What is Electron Backscatter Diffraction (EBSD)?

What is Electron Backscatter Diffraction (EBSD)?

Electron Backscatter Diffraction (EBSD) is used to quantify a crystalline material’s microstructure. It is available on our Zeiss Auriga SEM/FIB instrument.
EBSD results from the interaction of an electron beam with a tilted crystalline sample. Diffracted electrons form a pattern characteristic of the crystal structure and orientation detected with a fluorescent screen. These diffraction patterns are then used to determine the crystal orientation, discriminate crystallographically different phases, characterize grain boundaries, and resolve local crystalline deformation.

The Oxford Symmetry S2 EBSD camera has a CMOS detector capable of analyzing over 3000 electron backscatter diffraction patterns per second. This accommodates the rapid analysis of crystallographic features, such as phase identification, the mapping of crystallographic orientations, or the analysis of strain and stress features in a crystalline material at a spatial resolution down to 30 nm.

Data acquisition is controlled with the Integrated Oxford AZtec software suite that uses crystallographic databases for phase definition. This application contains all tools necessary to collect and solve EBSD patterns. For data processing, the AZtec Crystal software can generate sophisticated maps, pole figures, and grain property analyses from EBSD data.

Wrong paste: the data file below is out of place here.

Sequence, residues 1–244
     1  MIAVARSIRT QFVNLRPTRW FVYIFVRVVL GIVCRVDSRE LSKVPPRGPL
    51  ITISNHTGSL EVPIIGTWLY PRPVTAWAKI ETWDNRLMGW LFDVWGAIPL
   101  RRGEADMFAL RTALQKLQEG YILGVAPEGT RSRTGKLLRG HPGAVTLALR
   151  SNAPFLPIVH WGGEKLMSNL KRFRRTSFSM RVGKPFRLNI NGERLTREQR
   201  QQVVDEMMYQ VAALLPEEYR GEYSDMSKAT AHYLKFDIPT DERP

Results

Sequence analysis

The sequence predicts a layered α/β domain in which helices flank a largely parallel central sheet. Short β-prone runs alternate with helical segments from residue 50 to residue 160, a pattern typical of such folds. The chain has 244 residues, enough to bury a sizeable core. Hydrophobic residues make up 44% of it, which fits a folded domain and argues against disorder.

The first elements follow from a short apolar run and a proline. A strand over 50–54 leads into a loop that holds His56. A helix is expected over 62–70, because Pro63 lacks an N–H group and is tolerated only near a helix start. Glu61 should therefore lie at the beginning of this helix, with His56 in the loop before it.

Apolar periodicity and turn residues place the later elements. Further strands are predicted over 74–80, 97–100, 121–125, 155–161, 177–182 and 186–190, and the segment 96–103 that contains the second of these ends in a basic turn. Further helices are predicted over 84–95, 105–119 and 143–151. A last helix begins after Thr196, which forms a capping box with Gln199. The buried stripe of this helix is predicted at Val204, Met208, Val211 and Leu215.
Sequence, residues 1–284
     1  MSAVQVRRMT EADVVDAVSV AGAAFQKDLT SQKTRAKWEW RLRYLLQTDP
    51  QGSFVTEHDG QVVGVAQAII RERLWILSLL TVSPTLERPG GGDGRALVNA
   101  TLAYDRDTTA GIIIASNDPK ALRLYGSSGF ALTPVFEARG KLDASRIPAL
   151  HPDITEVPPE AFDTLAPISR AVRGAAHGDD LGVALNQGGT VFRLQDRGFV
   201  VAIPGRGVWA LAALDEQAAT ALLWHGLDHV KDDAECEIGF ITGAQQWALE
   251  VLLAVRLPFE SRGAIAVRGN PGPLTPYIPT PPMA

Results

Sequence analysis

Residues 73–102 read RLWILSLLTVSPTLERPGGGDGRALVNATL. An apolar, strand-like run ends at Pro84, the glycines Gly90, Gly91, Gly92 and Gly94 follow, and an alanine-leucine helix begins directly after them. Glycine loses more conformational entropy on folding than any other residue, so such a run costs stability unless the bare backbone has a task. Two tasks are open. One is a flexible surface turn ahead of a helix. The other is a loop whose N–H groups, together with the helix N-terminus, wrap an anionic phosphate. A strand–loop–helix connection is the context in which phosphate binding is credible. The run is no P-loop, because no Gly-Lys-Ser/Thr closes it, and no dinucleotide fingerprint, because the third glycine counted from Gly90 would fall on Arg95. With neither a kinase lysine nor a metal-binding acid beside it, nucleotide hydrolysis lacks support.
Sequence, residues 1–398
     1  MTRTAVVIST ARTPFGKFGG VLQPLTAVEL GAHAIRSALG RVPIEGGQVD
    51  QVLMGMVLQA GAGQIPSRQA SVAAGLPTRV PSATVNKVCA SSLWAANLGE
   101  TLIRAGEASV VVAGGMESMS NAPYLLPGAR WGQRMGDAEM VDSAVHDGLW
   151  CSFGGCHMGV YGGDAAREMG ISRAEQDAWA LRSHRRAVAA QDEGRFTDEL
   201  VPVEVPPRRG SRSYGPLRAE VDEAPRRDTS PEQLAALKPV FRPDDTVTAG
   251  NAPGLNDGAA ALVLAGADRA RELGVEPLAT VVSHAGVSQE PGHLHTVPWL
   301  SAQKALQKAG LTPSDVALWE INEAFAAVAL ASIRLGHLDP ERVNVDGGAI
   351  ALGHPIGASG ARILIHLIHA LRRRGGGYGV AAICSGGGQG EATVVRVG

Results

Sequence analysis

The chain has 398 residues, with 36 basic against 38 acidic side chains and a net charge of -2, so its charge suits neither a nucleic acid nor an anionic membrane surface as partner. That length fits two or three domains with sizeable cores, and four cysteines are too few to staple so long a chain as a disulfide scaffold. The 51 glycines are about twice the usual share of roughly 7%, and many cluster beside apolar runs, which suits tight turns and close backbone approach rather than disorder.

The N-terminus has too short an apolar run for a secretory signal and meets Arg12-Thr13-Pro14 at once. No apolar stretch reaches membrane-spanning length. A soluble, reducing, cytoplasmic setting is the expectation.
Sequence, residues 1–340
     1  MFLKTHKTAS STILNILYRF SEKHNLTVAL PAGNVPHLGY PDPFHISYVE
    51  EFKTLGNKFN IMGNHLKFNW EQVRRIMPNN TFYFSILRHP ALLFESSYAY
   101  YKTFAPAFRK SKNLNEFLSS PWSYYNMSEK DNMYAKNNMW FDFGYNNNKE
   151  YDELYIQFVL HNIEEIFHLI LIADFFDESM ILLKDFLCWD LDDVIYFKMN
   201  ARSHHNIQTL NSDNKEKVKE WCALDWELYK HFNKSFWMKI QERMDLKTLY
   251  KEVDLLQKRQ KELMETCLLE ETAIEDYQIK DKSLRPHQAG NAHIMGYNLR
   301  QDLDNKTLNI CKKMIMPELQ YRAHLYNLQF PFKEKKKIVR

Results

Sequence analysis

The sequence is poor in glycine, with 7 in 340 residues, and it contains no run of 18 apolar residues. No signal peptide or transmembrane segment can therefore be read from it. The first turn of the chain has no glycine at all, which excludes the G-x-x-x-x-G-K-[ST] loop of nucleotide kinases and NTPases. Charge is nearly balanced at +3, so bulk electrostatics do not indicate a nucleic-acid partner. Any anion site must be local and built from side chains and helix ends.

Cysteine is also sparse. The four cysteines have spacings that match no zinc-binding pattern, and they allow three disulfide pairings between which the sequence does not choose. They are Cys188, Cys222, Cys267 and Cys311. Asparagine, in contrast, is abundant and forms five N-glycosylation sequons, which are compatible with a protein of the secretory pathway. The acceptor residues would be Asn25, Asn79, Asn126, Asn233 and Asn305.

A Pace GIGA vibratory polisher equipped with a variety of sample holders and 60 nm colloidal silica solution is used to remove mechanical damage from the upper surface of samples to prepare them for EBSD analysis.


  • Geology, Mineralogy
  • Semiconductors and Microelectronics
  • Metals, Alloys, Composites, Ceramics
  • Energy Generation and Storage

Key Analytical Advantages

  • Rapid, non-destructive analysis of tens of nm to mm-size regions of interest
  • Simultaneous acquisition of EBSD and EDS data to enhance phase identification
  • Sophisticated software that improves data acquisition and data reduction


  • Phase identification
  • Strain analysis
  • Grain size distribution
  • Grain orientation analysis


Axel Wittmann
Associate Research Scientist